In 2014 Tairāwhiti Museum opened the Jack C Richards Decorative Arts Gallery. This exhibition space is devoted to displaying Professor Jack Richards’ magnificent collection of historic and contemporary decorative arts from Aotearoa New Zealand and around the world.

Jack Richards Galery Logo.cdr

As a regional museum our primary aim is to be a gateway to culture, heritage and the arts for our communities here in Tairāwhiti.  By working together with Jack Richards, we have the ability as a museum to look not only inward  – to ourselves and our stories – but outward, in a way that would not be possible within the limitations of the museum’s own collections.  An accessible collection of decorative arts – as objects of beauty and use – can be a powerful lens through which to explore stories, people,  histories and experiences different to our own.

The Jack C Richards Gallery is one of the exhibitions that continues to surprise (we ‘weren’t expecting that in a regional museum!‘) and delight visitors from outside our region. However, it is still something of a well-kept ‘local secret’, so I hope to use our blog to profile some of the objects to a wider audience as they take their turn in the gallery.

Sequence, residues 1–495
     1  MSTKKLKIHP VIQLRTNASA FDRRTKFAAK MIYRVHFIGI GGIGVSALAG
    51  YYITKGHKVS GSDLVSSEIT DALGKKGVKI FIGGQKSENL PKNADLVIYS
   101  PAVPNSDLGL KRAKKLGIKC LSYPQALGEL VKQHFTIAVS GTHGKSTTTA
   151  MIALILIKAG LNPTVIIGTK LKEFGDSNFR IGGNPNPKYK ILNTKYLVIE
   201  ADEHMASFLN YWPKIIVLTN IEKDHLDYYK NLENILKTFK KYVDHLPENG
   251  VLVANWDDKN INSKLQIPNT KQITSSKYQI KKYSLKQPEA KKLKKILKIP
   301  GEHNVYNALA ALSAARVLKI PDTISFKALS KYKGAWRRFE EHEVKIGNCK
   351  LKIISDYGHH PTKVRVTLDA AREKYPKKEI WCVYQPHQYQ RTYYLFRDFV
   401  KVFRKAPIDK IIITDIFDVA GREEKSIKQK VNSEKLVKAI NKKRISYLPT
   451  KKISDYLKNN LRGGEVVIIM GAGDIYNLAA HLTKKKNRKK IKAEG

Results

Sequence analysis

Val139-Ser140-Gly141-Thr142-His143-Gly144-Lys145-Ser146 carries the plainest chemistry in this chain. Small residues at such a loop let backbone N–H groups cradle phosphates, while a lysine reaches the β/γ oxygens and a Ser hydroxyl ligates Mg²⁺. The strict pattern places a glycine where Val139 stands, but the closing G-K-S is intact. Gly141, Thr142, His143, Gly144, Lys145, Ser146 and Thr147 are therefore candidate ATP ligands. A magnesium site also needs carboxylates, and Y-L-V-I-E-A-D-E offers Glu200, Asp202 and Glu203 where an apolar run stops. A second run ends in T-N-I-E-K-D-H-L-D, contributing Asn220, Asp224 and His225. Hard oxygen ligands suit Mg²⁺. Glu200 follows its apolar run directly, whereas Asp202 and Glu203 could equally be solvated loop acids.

Like many personal collections, the Jack C Richards Collection was developed with no particular philosophy of acquisition but rather reflects opportunities that arose for collecting as well as personal taste.  It started with a single object, a Qing dynasty blue and white vase, which was purchased in the 1960s when Jack was a student. At that time Professor Richards was sharing a flat with Walter Cook who introduced him to decorative arts, particularly Art Nouveau and the Arts and Crafts movement.

From this single object the collection grew and the gallery now draws on hundreds of pieces to showcase a remarkably diverse range of decorative arts; including the largest collection of René Lalique glassware in the Southern Hemisphere.